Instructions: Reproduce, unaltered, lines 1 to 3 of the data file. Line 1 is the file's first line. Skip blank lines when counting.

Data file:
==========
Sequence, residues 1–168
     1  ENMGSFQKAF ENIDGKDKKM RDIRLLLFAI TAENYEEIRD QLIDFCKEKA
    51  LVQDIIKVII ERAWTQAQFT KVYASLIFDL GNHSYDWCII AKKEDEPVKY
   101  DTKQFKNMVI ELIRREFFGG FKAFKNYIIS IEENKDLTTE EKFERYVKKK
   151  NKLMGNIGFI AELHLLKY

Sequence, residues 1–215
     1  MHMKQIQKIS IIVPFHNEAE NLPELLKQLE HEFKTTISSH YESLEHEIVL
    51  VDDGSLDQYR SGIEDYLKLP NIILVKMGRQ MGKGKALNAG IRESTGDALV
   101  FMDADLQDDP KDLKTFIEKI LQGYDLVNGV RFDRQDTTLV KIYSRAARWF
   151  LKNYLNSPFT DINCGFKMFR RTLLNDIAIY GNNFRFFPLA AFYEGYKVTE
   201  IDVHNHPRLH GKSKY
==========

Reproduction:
Sequence, residues 1–168
     1  ENMGSFQKAF ENIDGKDKKM RDIRLLLFAI TAENYEEIRD QLIDFCKEKA
    51  LVQDIIKVII ERAWTQAQFT KVYASLIFDL GNHSYDWCII AKKEDEPVKY